I thank the committee for the invitation to appear before it today to give it an overall view of the Government's new insurance reform agenda. This marks the first time I will do so in my role both as Minister of State with special responsibility for financial services, credit unions and insurance and as a member of the new subgroup on insurance reform under the Cabinet committee on economic recovery and investment. It is important to listen to and consider the views of as many key stakeholders as possible. This committee plays an important role in holding the Government to account in this regard. Accordingly, I look forward to today's engagement on this issue.
Since taking up my appointment in July 2020, I have had a series of meetings with a number of key stakeholders. These include the chief executive officers, CEOs, of the largest insurance companies in the Irish market, the Alliance for Insurance Reform, the State Claims Agency, Insurance Ireland, the Law Society of Ireland, the Bar Council of Ireland, the Central Bank, Brokers Ireland, Irish Public Bodies Mutual Insurances Limited and the Motor Insurers Bureau of Ireland. I discussed with them the Government's insurance reform agenda and asked them to outline what opportunities and challenges they see at present. I hope I will hear the committee's views today on the various opportunities and challenges, as all Members of the House have a common interest in moving forward on the insurance agenda.
Members will be aware that much work has taken place in the area of insurance reform over the past four years. Indeed, in 2016, the committee produced its own report on the cost of motor insurance, which fed into the cost of insurance working group's report in the Department of Finance. Both the committee and the cost of insurance working group found that there is no single policy or legislative fix to remedy the cost and availability of insurance. This position remains true.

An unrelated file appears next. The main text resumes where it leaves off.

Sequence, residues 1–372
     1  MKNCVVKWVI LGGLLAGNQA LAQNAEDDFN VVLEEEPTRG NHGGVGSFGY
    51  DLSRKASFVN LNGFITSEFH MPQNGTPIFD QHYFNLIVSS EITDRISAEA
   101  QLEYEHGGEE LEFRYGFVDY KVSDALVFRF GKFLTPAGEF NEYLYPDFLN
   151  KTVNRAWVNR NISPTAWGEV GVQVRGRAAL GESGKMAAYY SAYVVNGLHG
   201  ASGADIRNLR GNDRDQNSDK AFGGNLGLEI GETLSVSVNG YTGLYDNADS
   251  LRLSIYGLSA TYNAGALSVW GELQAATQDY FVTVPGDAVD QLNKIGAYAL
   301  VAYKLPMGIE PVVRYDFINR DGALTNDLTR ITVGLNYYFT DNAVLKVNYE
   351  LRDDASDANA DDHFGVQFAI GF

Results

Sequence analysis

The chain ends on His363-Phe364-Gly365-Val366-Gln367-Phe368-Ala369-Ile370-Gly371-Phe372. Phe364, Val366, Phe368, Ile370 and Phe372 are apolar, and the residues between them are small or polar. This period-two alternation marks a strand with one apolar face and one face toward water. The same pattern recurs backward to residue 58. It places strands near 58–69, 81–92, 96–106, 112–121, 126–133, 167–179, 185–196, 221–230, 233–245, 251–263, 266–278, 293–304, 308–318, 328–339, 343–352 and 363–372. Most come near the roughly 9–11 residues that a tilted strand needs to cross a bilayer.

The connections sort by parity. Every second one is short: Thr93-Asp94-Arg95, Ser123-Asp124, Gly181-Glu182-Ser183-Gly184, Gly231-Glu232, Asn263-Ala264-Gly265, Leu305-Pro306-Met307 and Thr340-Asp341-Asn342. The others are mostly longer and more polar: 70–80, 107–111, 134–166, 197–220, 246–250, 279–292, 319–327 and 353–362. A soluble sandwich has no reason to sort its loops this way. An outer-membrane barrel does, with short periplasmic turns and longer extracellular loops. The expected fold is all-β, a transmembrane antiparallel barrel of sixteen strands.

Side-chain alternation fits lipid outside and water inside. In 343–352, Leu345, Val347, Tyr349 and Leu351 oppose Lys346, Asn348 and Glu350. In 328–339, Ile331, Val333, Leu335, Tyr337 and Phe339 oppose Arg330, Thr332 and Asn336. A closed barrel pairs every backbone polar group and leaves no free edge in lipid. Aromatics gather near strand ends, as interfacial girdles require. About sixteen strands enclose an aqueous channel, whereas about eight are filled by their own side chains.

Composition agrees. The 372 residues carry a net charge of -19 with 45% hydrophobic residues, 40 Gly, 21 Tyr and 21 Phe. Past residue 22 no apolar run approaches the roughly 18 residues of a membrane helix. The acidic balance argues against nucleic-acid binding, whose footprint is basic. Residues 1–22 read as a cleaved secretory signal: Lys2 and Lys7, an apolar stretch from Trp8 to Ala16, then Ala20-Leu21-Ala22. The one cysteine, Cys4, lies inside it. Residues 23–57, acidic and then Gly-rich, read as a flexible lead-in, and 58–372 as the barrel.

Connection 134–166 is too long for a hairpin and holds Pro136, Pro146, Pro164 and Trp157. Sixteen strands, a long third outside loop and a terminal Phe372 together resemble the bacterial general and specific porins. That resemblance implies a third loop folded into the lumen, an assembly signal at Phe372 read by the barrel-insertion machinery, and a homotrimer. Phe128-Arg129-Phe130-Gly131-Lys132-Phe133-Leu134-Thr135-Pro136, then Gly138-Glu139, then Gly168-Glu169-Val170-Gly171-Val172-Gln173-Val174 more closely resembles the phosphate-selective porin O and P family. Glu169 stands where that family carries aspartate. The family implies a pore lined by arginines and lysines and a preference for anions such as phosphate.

I will outline progress to date on the cost of insurance working group reforms. Members will be aware that this group published its last progress report on 30 October 2020. It showed that the majority of its recommendations were implemented.
These included improved transparency through the introduction of the national claims information database, the implementation of the Personal Injuries Commission recommendation to replace the book of quantum with the new personal injuries guidelines, the strengthening of requirements to co-operate with PIAB and civil liability law changes to make it more difficult to make fraudulent claims.
It has been shown that these reforms have largely stabilised the motor insurance market. The data from the CSO and EUROSTAT show reductions in the cost of private motor insurance of about one third since 2016. I would like to recognise the contribution of all sides of the House on this issue. Without cross-party support, I genuinely believe many of the issues might not have been able to be progressed to the extent that they have. This is an example of how, when we work closely together, we can make progress.
Nevertheless, more needs to be done. We are all aware of the stories from businesses, charities, voluntary groups, childcare operators and leisure operators of the increase in public liability insurance. This includes a series of inconsistent awards levels for injuries. In some cases, injuries appear to be relatively minor but this inevitably creates difficulties for the businesses, such as crèches and play centres, in securing insurance thereafter. In addition, data from the national claims information database demonstrates that Personal Injuries Assessment Board, PIAB, settlements in recent years continued to decrease. This is despite it being shown that PIAB represents a much more cost-efficient and time-efficient settlement channel than going through litigation.
Our economy and society need a stable and affordable insurance environment. The programme for Government recognises this and sets out a range of commitments to reform the insurance sector in Ireland, including reducing the size of personal injury awards, increasing competition through new entrants and enforcement, improving transparency and minimising the need for costly litigation through reforming the system.